Tuesday, 20 March 2012

House of a Collector

I absolutely love this house of collector, Alketas Pazis in Athens.  His passion for collecting objects and furniture from 1900-1950 is obvious however the interiors aren't overwhelmed.  In fact this is pretty much my dream house.  The interiors have filled with sentimental objects, every piece different with its own story to tell.  I love that.  As much as I adore the 'design classics' they can become a little predictable in interiors sometimes so it's so refreshing to see some beautifully curated pieces that you don't instantly know the designers name, you know what I mean?  This looks like a home with personality with a 'one-of-a-kind feel and not bland like a showroom.

I love how the walls are painted that dark sludgy grey to the bottom half of the walls, to give those high ceiling spaces an intimate feel.  The grey walls also prevent the spaces from feeling like an art gallery and that floor, it's gorgeous.  In Australia we are obsessed with timber floors so it's interesting to consider tiles especially when they are covered with gorgeous rugs.  An inspirational interior.
Found via Yatzer

Sunday, 18 March 2012

Art Interior

I am a fan of the work of Martin Creed, a Glaswegian artist based in London.  I love his work.  He got us all wondering what art actually is when he won the turner prize in 2001 for his work the lights going on and off, which was an empty room in which the lights went on and off in case you didn't get that from the title.

In 2008 his work consisted of a runner sprinting the length of Tate Britain's neo-classical sculpture galleries. He said that he sometimes finds walking around galleries to be quite a laborious task and "Art doesn't have to be in a frame separate from you."  Stephen Deuchar, director of Tate Britain said "In lifting an everyday activity out of its usual context and dropping it into the central galleries of Tate Britain, it upsets any preconceived ideas of how to move appropriately through an art space. At the same time it asks us to reassess a mundane activity as if it were a theatrical event."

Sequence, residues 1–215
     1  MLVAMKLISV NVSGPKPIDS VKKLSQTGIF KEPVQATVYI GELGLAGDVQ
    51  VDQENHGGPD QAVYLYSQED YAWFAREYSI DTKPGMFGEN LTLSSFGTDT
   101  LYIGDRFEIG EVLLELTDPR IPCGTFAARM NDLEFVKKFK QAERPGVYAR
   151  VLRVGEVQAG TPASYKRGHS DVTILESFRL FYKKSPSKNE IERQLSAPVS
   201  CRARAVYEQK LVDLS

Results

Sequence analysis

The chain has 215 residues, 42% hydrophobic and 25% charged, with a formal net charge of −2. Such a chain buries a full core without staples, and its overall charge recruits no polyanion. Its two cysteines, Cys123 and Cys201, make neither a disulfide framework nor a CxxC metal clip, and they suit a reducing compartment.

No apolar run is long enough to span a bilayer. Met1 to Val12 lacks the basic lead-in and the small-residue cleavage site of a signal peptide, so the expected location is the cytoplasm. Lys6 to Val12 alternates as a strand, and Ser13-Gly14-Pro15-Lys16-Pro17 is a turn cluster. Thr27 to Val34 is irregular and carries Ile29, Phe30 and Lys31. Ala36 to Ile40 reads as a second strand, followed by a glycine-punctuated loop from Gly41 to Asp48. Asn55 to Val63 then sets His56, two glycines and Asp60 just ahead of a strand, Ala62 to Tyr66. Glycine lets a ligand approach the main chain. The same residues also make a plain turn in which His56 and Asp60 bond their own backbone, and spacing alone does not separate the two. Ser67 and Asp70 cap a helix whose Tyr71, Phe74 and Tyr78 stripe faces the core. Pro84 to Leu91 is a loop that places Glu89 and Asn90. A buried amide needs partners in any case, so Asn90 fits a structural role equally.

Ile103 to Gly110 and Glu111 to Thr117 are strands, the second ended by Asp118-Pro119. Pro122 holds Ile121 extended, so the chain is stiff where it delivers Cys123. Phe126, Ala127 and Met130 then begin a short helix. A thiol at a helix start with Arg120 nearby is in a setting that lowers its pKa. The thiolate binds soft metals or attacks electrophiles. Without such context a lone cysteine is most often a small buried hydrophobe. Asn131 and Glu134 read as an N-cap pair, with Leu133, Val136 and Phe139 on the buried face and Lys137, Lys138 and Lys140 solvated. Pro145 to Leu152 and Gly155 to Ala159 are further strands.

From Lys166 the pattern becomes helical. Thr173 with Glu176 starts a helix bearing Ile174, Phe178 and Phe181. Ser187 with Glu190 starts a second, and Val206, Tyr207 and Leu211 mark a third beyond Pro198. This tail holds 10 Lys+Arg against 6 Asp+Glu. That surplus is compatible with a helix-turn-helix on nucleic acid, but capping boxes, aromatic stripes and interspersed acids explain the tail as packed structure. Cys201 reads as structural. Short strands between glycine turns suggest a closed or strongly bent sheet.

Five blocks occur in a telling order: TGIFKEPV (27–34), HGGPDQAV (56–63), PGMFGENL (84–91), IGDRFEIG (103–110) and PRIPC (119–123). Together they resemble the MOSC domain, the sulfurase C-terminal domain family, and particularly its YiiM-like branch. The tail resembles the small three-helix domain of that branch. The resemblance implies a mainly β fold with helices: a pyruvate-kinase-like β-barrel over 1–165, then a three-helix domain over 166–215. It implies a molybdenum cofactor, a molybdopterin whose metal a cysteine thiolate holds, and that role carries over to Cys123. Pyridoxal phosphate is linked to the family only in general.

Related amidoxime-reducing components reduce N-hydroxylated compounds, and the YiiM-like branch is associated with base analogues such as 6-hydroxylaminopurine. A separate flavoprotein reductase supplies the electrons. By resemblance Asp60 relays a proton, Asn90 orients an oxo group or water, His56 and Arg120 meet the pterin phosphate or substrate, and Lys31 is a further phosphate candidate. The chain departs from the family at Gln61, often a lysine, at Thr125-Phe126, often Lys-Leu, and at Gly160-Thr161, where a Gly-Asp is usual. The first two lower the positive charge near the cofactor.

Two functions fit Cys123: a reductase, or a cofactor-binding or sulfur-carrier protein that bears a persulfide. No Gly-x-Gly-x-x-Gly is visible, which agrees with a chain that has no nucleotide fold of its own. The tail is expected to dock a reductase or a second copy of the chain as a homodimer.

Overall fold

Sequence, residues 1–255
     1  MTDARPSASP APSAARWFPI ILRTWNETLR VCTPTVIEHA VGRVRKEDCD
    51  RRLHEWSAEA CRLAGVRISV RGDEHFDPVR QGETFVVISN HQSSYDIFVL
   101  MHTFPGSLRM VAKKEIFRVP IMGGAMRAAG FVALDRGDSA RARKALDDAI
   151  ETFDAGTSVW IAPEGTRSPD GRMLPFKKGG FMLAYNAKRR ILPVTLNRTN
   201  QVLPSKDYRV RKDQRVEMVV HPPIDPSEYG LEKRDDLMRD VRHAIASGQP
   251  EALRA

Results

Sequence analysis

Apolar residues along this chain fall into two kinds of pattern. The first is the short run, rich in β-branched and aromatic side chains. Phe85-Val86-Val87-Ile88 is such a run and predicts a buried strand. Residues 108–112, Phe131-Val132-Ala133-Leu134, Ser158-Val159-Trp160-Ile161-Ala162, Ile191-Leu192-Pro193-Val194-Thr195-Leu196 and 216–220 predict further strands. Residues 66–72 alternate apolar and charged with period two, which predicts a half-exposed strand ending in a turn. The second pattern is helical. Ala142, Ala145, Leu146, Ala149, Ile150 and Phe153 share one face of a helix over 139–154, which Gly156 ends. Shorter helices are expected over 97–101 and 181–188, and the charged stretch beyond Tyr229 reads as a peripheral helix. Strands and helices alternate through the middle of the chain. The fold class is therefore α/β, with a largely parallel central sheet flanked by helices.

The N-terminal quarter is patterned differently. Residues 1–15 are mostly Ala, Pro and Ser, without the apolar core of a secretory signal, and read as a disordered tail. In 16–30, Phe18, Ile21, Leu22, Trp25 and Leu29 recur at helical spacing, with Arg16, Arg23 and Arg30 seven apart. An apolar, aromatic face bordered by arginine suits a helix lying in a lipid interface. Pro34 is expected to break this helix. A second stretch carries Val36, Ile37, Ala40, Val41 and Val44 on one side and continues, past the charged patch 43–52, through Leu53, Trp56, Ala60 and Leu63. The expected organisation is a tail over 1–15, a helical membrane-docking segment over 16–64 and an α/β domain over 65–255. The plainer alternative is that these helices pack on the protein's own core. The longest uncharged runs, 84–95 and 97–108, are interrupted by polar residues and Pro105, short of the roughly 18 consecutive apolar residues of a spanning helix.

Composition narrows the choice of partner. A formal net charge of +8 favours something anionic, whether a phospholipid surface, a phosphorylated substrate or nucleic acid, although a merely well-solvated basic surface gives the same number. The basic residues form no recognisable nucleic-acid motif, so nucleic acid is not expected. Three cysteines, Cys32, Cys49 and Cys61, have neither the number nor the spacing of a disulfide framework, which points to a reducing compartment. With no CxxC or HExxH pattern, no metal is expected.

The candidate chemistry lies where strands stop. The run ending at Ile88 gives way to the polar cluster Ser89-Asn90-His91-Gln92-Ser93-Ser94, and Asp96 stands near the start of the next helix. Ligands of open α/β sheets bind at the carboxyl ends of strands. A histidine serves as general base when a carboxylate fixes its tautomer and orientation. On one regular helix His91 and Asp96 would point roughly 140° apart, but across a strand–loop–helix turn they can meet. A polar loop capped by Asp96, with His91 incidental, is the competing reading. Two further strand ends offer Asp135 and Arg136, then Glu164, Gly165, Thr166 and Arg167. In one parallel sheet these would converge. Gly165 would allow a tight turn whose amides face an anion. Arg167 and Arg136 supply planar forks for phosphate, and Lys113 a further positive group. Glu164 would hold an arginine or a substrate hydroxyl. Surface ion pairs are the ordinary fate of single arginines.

This all gets us thinking about art in new ways and I love that.  But now I must admit that I'm confused.  Creed has recently completed his work in the restaurant of one of my favorite place in London, Sketch (I blogged it back here).  I don't like it, there I said it.  I love Sketch because they collaborate with artists and it is packed with artworks, it's a beautiful place to be.  An art installation is one thing, but interior design is another.  There are many practical requirements of a restaurant, one of which is aesthetics which I feel has been ignored here and it is hard to tell from the photo how the space planning works and that would be interesting too.

This space is so chaotic that I wouldn't want to spend longer than 5 minutes there, not to mention dining for a few hours enjoying a beautiful meal with friends.  Not one chair is the same which is a novel idea so you can feel like Goldilocks until you find one that you like but it all looks like a thriftstore.  Every wall is different so there is no focal point so you don't know where to look, there is no unity so I imagine it could feel quite unnerving.  Panadol anyone? 

It looks amateurish to me.  In such a beautiful space the basic principles of design have not been considered.  The proportion is out, the grand scale of the space has not been used to the best advantage and what about lighting and acoustics?  This isn't your average cafe, the chef French Master Chef Pierre Gagnaire and pretty fancy food.

The floor is a mix of 96 different marble types in a chevron pattern because Creed couldn't decide which one he liked the most, so he just threw them all in.  I don't see how this decision adds to the meaning of the artwork.  I am all for artists collaborating with designers and architects, the results can be absolutely amazing, the key word being 'collaborating'.